In this May, 18, 2020 file photo, visitors walk on the rocky shoreline just north of Portland Head Light in Cape Elizabeth. Maine.has one of the lowest rates of the novel coronavirus in the nation. Credit: Robert F. Bukaty | AP

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More than two dozen new coronavirus cases were reported on Wednesday as the Maine Center for Disease Control and Prevention determined a number of previously reported cases to be false positives.

Twenty-eight new cases of the coronavirus were reported Wednesday, according to Maine CDC spokesperson Robert Long. He said 25 of those cases were confirmed and three “probable.” That brings the total cases reported since the outbreak began in March to 3,723.

Of those, 3,321 had been confirmed positive, while 402 were classified as “probable cases,” according to the Maine Center for Disease Control and Prevention.

No new deaths were reported Wednesday, leaving the statewide death toll at 118. Nearly all deaths have been in Mainers over age 60.

Wednesday’s cumulative total remains steady because the Maine CDC determined 24 “probable” cases, including 19 associated with a summer camp, were false positives, Long said Wednesday. Maine CDC Director Nirav Shah on Tuesday attributed those false positives from the summer camp, which he did not identify, to less reliable technology it used for testing.

Another four previously reported confirmed cases were determined to involve people from out of state and are no longer being counted as Maine cases, bringing the net increase in cumulative cases to 21.

So far, 377 Mainers have been hospitalized at some point with COVID-19, the illness caused by the coronavirus. Of those, 10 people are currently hospitalized, with eight in critical care and four on ventilators.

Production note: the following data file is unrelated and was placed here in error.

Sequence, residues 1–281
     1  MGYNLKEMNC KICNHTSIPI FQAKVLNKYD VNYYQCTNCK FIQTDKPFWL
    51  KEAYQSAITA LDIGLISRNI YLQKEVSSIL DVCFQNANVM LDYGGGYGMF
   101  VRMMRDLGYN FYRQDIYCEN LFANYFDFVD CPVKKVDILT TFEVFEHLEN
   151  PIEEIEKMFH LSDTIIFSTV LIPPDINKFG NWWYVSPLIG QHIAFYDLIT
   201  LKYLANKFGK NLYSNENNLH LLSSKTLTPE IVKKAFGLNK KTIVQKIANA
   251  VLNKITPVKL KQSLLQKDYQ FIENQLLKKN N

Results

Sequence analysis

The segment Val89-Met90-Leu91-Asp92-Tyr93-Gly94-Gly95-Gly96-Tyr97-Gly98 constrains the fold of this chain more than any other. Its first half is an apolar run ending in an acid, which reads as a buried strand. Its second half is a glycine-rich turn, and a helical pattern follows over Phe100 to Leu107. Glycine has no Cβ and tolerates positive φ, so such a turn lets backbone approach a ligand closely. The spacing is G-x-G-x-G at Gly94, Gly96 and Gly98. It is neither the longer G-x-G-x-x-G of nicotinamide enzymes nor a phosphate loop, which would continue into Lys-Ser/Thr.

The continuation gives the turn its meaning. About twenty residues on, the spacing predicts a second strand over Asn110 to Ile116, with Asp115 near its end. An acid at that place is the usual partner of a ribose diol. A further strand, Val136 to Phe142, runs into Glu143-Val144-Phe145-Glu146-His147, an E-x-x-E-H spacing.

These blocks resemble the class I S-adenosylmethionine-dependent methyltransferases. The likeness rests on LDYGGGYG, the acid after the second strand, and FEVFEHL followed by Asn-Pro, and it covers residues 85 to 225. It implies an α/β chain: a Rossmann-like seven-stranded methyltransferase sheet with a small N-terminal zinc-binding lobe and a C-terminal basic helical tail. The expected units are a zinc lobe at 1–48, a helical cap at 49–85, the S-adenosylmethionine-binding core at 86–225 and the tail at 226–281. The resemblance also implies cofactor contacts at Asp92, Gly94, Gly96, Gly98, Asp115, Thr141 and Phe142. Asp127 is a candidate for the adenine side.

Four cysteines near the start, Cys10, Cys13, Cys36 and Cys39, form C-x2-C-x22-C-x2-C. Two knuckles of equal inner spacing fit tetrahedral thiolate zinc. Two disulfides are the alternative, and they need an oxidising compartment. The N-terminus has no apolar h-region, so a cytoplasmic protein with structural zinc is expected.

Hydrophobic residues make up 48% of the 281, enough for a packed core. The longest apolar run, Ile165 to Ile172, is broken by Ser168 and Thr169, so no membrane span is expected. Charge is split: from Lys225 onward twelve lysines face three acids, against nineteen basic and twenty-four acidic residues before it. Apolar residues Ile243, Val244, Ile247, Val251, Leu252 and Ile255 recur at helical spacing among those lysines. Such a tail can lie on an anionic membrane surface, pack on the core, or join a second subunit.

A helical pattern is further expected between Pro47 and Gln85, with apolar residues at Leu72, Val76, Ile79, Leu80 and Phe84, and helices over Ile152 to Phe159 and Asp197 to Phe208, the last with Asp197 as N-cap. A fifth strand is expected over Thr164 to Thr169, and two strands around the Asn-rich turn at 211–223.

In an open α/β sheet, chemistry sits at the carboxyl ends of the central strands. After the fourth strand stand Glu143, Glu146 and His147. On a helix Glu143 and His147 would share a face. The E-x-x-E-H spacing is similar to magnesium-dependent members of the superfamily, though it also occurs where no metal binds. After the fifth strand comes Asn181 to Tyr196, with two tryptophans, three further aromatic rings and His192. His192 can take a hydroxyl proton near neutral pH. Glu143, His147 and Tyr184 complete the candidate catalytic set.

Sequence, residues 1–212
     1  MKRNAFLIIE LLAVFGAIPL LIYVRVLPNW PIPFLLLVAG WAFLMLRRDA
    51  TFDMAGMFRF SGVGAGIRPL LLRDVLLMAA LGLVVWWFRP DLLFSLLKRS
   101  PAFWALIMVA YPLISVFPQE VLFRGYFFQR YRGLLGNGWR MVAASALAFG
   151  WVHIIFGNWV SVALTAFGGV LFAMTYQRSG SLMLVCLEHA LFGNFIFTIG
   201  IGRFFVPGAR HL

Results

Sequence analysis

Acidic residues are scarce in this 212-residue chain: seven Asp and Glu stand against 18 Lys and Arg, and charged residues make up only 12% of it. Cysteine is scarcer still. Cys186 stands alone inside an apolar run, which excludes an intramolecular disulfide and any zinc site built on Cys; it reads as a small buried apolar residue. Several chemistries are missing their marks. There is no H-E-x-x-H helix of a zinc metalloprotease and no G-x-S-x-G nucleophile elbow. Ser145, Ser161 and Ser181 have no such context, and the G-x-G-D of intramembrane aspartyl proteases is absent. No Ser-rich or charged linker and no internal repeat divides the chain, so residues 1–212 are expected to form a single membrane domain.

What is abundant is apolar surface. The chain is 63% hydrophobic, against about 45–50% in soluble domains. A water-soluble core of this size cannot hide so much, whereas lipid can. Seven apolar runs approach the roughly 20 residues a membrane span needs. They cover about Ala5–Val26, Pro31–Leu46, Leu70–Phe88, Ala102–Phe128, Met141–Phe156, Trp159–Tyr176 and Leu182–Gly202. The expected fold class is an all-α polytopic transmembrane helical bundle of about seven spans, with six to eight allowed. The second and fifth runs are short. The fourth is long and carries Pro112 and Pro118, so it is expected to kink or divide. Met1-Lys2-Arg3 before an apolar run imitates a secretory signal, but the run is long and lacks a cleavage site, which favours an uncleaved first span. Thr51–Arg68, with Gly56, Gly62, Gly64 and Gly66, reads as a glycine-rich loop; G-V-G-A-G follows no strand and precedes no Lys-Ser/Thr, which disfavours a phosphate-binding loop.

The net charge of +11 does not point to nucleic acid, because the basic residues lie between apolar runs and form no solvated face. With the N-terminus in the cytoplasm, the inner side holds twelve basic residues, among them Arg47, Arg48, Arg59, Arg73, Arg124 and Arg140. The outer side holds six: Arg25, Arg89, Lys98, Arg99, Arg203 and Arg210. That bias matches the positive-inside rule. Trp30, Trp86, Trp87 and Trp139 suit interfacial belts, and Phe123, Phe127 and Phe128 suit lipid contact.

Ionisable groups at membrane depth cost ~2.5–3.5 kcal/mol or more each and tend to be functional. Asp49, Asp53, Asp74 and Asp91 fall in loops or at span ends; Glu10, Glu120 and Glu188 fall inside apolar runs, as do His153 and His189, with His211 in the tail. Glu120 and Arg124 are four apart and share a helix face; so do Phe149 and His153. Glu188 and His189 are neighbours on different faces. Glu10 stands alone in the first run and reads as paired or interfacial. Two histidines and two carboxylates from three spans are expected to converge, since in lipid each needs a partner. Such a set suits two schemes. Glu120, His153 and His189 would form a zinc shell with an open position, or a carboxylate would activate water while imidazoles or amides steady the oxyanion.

Meanwhile, 25 more people have recovered from the coronavirus, bringing total recoveries to 3,216. That means there are 389 active and likely cases in the state, down from 414 on Tuesday.

Here’s the latest on the coronavirus and its impact on Maine.

—Congress returned to work this week still far apart on components of a fifth coronavirus stimulus package, including whether to extend the $600 weekly enhanced unemployment benefit set to expire at the end of this month. Here’s what’s at stake for Maine.

—“Visits to Maine’s state parks by residents are up by 35 percent so far this year compared to 2019, according to Jim Britt, spokesperson for the Maine Department of Agriculture, Conservation and Forestry. And while much of that increase is attributable to sites in the more popular southern part of the state, the trend toward “staycations” has not escaped inland parks farther north, including two in Piscataquis County.” — Ernie Clark, BDN

—“While Maine is generally outperforming much of the country in its testing for the coronavirus, some health care providers are still struggling to reliably obtain the nasal swabs, transport vials and other supplies necessary to conduct those tests.” — Charles Eichacker, BDN

—“If students in Bangor return to school buildings this fall, they’ll go through daily temperature scans, have meals served in classrooms where desks are at least 6 feet apart, and walk through one-way stairwells and hallways marked to keep students at a safe distance from others.” — Eesha Pendharkar, BDN

As of Wednesday evening, the coronavirus has sickened 3,940,592 people in all 50 states, the District of Columbia, Puerto Rico, Guam, the Northern Mariana Islands and the U.S. Virgin Islands, as well as caused 142,756 deaths, according to Johns Hopkins University of Medicine.